A meaningful treaty at last

Kenneth Epps Conventional Weapons

On April 2 the United Nations General Assembly approved by an overwhelming majority vote a historic global Arms Trade Treaty. Only three UN pariah states – Iran, North Korea and Syria – voted against it. The treaty is a milestone victory for the UN. More importantly, it is a new instrument of hope for the millions of people and thousands of communities across the world suffering from or threatened by armed violence. Properly implemented the treaty will indeed “reduce human suffering.”

The treaty enshrines in new international law a set of clear rules for cross-border transfers of weapons and ammunition. It creates binding obligations for governments to assess arms transfers to ensure that weapons will not be used for human rights abuses, terrorism, transnational organized crime or violations of humanitarian law. It requires that governments refuse any transfer of weapons if there is a significant risk that they will be used to violate human rights or commit war crimes.

The treaty was the result of a negotiation process that by United Nations’ standards was remarkably short (less than seven years). It is a once-in-a-generation achievement. The UN has not agreed to a major treaty to control conventional weapons since the 1980 Convention on Certain Conventional Weapons (sometimes called the Inhumane Weapons Treaty). With the ATT, the UN has demonstrated that it still can provide meaningful action on its core mandate: to build peace and prevent war.

There is no doubt that this treaty would not have happened without many years of work and pressure by civil society organizations. Initial proposals for the treaty began almost 20 years ago. When Control Arms – a worldwide coalition that includes Project Ploughshares – delivered a literal “Million Faces” petition to the UN Secretary-General in July 2006, the UN finally was pressed into action. The General Assembly resolution “Towards an Arms Trade Treaty” received overwhelming approval the following December.

Along the way there were many doubts that the treaty would ever emerge. After early opposition by the U.S. Bush Administration, the price of U.S. participation under Obama was treaty agreement by consensus. This proved to be the Achilles heel for negotiations, which collapsed in July 2012 following a call for more time by the United States, Russia and others. The lack of consensus ended talks again last week when Iran, North Korea and Syria made “crystal clear” their objections to the final draft treaty text. Fortunately, earlier civil society pressure to ensure a way out of the deadlock gave several states an option to take the draft treaty text to the General Assembly for the final vote. Indeed, the ATT is a testament to those CSOs– particularly CSO leaders who refused to accept the view that a worthwhile treaty could not be achieved at the UN.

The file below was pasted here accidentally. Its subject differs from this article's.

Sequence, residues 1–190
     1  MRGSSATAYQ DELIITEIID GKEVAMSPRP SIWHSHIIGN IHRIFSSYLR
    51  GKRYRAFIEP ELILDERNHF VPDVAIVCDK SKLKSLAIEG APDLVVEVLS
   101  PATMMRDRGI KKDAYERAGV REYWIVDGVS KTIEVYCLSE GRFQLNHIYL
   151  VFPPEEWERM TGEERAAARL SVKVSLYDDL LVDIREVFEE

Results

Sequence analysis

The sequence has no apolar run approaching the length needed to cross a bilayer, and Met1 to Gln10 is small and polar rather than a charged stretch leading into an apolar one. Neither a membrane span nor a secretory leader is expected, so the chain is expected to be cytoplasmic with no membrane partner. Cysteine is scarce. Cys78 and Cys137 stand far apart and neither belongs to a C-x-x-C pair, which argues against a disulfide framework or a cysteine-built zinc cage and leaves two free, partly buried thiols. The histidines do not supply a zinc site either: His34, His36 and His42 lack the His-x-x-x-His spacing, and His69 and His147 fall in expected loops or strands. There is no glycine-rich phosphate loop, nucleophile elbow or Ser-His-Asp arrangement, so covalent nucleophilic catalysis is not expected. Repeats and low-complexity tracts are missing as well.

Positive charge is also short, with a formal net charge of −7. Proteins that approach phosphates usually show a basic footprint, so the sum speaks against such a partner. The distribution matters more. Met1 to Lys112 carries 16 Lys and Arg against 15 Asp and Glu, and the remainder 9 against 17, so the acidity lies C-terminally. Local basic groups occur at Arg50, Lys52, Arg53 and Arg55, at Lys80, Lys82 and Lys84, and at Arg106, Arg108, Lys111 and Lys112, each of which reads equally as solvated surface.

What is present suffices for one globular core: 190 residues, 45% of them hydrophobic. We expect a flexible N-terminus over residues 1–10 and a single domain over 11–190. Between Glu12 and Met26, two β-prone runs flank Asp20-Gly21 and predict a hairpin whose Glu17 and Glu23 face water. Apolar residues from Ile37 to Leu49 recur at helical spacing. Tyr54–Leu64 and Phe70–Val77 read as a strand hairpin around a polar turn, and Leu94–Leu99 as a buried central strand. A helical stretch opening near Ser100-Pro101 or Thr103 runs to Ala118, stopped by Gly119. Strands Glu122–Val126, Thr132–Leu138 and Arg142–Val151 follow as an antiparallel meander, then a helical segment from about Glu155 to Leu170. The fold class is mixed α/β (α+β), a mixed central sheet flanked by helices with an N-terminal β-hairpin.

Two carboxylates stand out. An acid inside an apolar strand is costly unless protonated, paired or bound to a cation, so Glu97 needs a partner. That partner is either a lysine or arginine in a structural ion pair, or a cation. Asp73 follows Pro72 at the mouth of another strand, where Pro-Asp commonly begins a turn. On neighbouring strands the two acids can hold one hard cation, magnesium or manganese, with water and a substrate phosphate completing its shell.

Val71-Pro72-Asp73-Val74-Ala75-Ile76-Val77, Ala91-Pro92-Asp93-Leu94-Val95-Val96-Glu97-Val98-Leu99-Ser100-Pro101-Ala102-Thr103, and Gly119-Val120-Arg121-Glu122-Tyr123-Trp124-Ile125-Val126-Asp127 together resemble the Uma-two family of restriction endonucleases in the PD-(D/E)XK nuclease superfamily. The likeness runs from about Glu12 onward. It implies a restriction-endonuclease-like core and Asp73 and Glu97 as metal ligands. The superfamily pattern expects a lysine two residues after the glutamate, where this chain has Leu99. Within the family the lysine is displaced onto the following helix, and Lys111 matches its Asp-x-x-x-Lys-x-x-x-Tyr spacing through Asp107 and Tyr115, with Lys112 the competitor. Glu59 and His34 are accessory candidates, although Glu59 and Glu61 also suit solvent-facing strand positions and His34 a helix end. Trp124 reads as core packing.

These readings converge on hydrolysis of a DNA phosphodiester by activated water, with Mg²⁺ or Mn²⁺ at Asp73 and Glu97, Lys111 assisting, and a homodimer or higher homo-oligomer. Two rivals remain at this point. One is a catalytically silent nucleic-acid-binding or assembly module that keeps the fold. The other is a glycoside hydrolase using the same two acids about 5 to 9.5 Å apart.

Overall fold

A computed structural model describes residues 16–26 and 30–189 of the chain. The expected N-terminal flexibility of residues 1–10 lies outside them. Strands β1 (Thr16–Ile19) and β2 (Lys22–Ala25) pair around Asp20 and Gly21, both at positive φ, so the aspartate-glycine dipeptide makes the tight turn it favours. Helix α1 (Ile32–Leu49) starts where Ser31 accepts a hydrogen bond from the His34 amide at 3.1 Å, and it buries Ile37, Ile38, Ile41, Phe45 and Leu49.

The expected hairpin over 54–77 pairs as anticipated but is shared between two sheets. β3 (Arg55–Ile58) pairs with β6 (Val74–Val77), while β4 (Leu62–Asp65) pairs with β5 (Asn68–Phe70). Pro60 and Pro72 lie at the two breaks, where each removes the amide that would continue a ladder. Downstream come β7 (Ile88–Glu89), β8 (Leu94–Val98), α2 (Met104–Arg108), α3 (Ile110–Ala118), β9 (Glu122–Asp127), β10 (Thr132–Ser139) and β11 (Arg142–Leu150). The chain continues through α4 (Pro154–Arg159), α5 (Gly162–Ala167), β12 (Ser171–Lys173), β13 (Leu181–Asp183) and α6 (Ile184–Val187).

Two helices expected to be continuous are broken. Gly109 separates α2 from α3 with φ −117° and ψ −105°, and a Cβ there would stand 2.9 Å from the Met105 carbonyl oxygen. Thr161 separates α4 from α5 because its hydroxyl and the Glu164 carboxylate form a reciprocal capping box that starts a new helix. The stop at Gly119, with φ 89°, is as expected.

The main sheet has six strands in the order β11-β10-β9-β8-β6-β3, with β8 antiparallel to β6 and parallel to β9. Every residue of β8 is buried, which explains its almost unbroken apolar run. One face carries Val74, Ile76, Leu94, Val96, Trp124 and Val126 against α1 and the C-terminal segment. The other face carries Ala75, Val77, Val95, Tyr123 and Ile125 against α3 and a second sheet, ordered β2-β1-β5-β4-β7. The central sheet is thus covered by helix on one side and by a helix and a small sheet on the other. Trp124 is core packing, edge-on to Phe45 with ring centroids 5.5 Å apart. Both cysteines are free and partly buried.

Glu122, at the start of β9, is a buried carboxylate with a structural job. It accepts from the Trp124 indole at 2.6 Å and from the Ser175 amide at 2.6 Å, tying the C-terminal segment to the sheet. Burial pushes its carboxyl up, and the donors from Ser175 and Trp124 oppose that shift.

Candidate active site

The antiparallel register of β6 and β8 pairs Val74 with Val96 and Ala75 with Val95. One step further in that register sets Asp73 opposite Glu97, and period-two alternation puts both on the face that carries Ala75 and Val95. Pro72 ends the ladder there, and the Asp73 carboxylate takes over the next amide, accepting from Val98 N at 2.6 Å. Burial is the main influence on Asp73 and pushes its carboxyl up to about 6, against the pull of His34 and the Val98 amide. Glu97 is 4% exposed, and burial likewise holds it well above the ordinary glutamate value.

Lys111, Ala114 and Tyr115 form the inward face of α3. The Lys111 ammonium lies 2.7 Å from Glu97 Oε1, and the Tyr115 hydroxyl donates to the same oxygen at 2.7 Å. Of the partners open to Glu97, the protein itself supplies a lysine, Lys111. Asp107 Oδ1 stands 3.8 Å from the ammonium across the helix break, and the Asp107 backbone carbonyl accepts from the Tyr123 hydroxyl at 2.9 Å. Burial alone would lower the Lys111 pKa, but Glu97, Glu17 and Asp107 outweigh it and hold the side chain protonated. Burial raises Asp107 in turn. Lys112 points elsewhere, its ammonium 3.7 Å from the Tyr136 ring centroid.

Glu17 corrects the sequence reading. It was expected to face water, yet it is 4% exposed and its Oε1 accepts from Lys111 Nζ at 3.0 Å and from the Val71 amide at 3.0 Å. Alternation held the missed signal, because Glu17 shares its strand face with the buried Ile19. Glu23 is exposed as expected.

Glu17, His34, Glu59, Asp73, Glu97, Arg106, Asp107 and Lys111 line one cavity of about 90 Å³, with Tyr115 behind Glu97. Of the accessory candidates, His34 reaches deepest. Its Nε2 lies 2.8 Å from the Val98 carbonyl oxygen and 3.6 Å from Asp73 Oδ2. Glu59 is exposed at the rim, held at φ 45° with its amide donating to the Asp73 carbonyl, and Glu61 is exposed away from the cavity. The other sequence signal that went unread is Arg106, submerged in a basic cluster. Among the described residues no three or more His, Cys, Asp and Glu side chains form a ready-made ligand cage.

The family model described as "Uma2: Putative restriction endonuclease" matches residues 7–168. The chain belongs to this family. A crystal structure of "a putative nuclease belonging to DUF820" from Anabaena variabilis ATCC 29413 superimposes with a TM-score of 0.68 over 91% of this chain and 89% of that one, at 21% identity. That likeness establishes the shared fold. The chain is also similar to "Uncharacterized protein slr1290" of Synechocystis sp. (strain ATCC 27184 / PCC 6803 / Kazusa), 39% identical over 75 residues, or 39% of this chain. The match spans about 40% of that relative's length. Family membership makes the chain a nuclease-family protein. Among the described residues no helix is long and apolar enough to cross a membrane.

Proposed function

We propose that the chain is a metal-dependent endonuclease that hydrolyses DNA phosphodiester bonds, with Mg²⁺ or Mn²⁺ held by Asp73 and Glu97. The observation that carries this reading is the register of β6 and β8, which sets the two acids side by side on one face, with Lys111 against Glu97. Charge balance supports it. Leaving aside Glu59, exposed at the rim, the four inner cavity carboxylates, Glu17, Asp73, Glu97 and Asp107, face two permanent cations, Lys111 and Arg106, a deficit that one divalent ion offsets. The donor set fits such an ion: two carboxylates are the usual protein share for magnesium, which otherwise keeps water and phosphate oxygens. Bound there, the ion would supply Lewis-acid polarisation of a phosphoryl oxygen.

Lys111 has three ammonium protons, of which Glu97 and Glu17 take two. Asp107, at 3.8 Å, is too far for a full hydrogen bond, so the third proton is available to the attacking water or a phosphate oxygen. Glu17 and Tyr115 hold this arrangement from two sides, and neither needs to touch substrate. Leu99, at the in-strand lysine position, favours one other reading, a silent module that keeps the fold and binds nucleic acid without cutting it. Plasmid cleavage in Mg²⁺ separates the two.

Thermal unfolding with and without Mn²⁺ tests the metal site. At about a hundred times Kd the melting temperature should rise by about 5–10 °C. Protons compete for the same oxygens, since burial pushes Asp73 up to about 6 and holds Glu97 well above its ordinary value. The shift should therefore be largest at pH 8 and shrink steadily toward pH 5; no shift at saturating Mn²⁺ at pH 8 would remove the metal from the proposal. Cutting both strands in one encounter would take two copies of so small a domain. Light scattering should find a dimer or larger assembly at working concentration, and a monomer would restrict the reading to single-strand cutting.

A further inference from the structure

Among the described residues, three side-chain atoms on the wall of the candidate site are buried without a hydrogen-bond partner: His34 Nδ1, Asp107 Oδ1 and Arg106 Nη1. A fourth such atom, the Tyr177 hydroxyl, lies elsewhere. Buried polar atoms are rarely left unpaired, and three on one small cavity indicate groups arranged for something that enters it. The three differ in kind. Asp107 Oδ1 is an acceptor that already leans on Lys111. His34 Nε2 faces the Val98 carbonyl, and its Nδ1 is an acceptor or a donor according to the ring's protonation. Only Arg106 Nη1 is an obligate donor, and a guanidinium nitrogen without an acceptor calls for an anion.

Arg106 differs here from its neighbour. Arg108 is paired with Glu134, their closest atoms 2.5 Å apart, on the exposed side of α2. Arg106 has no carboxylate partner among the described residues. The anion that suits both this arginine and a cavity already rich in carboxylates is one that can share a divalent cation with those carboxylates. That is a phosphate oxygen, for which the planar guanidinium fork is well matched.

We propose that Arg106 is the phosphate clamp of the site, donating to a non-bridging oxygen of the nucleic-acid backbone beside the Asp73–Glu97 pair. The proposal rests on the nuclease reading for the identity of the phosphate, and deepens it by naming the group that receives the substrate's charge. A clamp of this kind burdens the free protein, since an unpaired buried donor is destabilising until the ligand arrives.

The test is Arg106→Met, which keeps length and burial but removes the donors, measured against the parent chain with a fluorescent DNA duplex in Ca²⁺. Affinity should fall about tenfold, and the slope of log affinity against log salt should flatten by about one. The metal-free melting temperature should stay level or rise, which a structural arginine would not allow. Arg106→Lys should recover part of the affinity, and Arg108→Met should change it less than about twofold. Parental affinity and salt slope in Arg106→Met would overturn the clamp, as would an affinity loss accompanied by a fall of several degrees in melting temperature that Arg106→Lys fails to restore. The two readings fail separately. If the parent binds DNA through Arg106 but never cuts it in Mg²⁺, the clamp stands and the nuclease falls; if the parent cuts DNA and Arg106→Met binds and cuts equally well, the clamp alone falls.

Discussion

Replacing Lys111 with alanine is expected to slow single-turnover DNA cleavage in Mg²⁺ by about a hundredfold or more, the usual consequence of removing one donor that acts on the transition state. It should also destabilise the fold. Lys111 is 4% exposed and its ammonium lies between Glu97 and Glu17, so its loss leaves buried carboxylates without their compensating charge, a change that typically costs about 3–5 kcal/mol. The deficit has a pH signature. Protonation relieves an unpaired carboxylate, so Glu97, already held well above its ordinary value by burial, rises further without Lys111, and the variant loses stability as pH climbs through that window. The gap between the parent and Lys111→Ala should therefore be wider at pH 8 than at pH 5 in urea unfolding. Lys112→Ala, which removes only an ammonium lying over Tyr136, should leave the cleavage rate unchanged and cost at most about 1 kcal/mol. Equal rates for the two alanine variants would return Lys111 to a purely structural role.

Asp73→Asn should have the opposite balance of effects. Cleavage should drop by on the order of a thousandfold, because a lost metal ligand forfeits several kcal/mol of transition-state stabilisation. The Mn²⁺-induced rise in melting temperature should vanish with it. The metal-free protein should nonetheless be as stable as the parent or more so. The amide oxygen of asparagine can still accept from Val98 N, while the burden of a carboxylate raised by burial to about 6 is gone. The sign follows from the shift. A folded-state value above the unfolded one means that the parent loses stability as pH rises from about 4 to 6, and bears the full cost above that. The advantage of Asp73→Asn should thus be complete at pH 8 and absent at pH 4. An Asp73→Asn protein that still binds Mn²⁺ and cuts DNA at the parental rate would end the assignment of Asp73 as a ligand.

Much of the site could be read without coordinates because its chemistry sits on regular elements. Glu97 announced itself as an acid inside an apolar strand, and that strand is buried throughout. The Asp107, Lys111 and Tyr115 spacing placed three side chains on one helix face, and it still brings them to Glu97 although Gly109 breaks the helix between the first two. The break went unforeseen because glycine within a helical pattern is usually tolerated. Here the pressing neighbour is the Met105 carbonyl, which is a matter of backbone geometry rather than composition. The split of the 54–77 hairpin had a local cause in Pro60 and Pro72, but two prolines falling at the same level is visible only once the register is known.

Project Ploughshares is proud to be part of this momentous result. The collaborative and disciplined process, with its many challenges, brought out the best in the hundreds and thousands who participated. Like many other groups, we cooperated with partners in our own country and with colleagues across the globe to press for a treaty of the highest standards, with humanitarian objectives at its core. We believe that we have achieved that goal in this treaty. The CSO community didn’t get everything it asked for – the treaty scope is not comprehensive, for example – but all of us can be justifiably proud of what was achieved. Civil society has helped to establish a framework and future process that will directly tackle the irresponsible and illegal trade in conventional weapons.

Ploughshares also recognizes that, with the treaty agreed, new phases of work have begun. The first step is to bring the treaty into force as soon as possible. As of June 3, UN member states can sign the treaty and follow the necessary procedures in their national systems to ratify it. The treaty cannot enter into force until 50 states have ratified. The Canadian members of the Control Arms coalition, including Project Ploughshares, will be seeking Canada’s early signature and ratification.

When the treaty enters into force the long-term work of implementing treaty provisions begins. Many smaller or poorer states will need to bring their systems up to the standards of the treaty and Canada can provide crucial assistance here. Civil society groups will ramp up their monitoring role to ensure that the treaty is fully implemented and to hold states to account for their arms transfer procedures and decisions. This activity will be a major challenge of indefinite length. But ensuring that the treaty reduces human suffering from the unregulated movement of weapons is an effort to which all involved CSOs gladly dedicate themselves.

Kenneth Epps, Senior Program Officer at Project Ploughshares in Waterloo, attended the final negotiation session of the Arms Trade Treaty at the United Nations in New York, March 18-28.



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